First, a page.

Stephen Brady and Rusty Landeche... 10/21/04

File photo

Stephen Brady, left, of Lutcher and Rusty Landeche of Baton Rouge show the bass that made Caney Creek Lake south of Ruston the premier big-bass lake in the state for nearly a decade beginning in the mid 1990s. New regulations proposed during Thursday's Wildlife and Fisheries Commission meeting are designed to urge anglers to take smaller fish from a 5,000-acre lake state biologists have determined have too many small bass. Landeche's bass weighed 6.9 pounds and Brady's 6.3 pounds, but several largemouths in excess of 10 pounds have come from the lake including Greg Wiggins' state-record 15.97 pounder caught in 1994.

The Advocate

It was a remember-when moment when Wildlife and Fisheries Commission chairman Chad Courville introduced Jeff Sibley during the LWFC's September meeting.

Sibley was in Baton Rouge to talk about Caney Creek Lake, and the mention of that 5,000-acre lake in Jackson Parish — it’s off La. 4 east of U.S. 167 south of Ruston — brought back memories of something we called a “green rush.” That’s something like a gold rush only this is the siren calling bass fishermen to a lake filled with giant largemouths.

A little more than 20 years ago, Caney was yielding bass the size of which had never been seen around here.

At one time eight of the state’s top-10 bass came from Caney. Still today, six Caney bass reside on that list, including the state record, a monster 15.97-pounder caught by Greg Wiggins early in 1994.

There’s a long list of reasons how and why this happened. Just know the key was stocking Florida-strain bass in a lake state biologists made sure had enough forage fish to produce lunker largemouths.

Sibley, the Willdife and Fisheries’ biologist for that area, said the lake has stable spawning conditions, and the state agency continues to stock Florida bass in the lake.

But there’s a problem.

There are too many bass, and despite data showing there’s a 46 percent mortality rate among the bass population, the number of bass exceeds the lake’s ability to produce enough food to grow bass to the size to lure anglers like it did 20 years ago.

And what fish managers found through at-the-landing creel surveys is that the lake’s bass fishermen released 82 percent of the bass they caught.

“We want them to catch and harvest those fish, but that’s not happening,” Sibley told the commission, further noting that Caney’s 8-12 inch bass “had the lowest relative weight of all waterbodies sampled in Louisiana.”

“The lake still has trophy bass,” Sibley said, "but results from similar evaluations in Louisiana waters have led to changes in existing regulations.”

To that end, Sibley proposed, and the commission adopted, a notice of intent with proposals including:

  • Removing the 15-to-19 inch protected slot limit;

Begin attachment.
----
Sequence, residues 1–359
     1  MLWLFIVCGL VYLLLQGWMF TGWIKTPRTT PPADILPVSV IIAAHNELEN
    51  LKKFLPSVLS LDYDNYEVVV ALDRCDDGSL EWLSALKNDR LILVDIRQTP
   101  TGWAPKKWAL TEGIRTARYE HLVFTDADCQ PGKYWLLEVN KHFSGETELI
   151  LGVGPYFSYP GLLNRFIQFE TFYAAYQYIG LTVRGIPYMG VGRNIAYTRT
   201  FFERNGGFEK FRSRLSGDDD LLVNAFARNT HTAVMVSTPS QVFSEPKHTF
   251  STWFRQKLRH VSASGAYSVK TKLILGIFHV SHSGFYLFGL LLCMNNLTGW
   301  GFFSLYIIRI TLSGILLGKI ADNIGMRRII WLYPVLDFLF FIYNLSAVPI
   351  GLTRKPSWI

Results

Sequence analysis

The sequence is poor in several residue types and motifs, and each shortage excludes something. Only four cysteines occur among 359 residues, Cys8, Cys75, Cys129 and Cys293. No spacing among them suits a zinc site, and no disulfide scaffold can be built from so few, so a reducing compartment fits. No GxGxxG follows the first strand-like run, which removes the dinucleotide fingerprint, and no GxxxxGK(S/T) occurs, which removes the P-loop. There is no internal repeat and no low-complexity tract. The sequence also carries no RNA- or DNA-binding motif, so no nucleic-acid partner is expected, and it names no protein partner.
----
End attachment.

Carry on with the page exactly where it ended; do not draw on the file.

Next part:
• Removing the eight-per-day bass daily creel;
  • Following the statewide 10-per-day bass limit with no minimum length limit.

Sibley said the LDWF’s Inland Fisheries staff will hold a public meeting on these proposed changes Sept. 25 at the Jimmie Davis State Park on the lake’s northeast shoreline.

If you cannot attend the meeting, you can submit comments to Sibley via email: jsibley@wlf.la.gov or mail to this address: Jeff Sibley, District 1 Biologist Manager, 9961 Hwy. 80, Minden, LA 71055. There’s a Nov. 20 deadline.

Public comment also will be accepted at commission meetings Oct. 5 and Nov. 2 in Baton Rouge.

The first count

Larry Reynolds sent numbers from Wildlife and Fisheries' aerial survey of the coastal marshes in advance of Friday's teal season opener. The Monday-through-Thursday fly-overs showed an estimate of 365,000 bluewing teal in the southwest marshes and 33,000 in the southeast marshes. Those numbers are much better than last year's 97,500 count, and much above the last five-year average of 136,000. It's the highest September teal count in nine years (457,000 in 2008). There were no greenwing teal observed.

Crossing the bar

We sent Mel Didier and Mike Coogan to their greater reward last week.

Guess you could blame baseball for furthering our friendships, but a hunt with Mel proved our life's passions ran deeper than the smell of freshly mowed grass on a warm spring afternoon and loving that unique sound of wooden bat meeting a baseball. He was a gentleman in every sense of the word, and a fierce competitor from a family of fierce competitors. To his family, his brother Gerald and boyhood friend Gerard Ruth, heartfelt condolences for a man who made is mark across the world in baseball, but always had his heart in Baton Rouge and anywhere in our state where he could find a hunting friend to occupy duck and goose blinds.

Knew Mike Coogan long before he was Dr. Mike. But it was after he moved to Baton Rouge and he began healing children and we began raising our children that we found out we shared common passions, a strong tie to our high school alma mater, baseball (somewhat diminished because he was an incurable Yankees fan and I liked the Red Sox and Cardinals) and music (Otis Redding and the R&B we grew up with in New Orleans).

Mike and Debbie Coogan have three children, and Mike once remarked how lucky he was having children who were involved in three things making our's the most unique and greatest-ever country, laws, baseball and music.

To Debbie, Megan, Patrick and Boomer and Mike's extended family, a prayer to heal the hole left in your lives and a prayer someone will come along to take care of the children in our community as well as Mike did.

These men will be missed, mightily missed.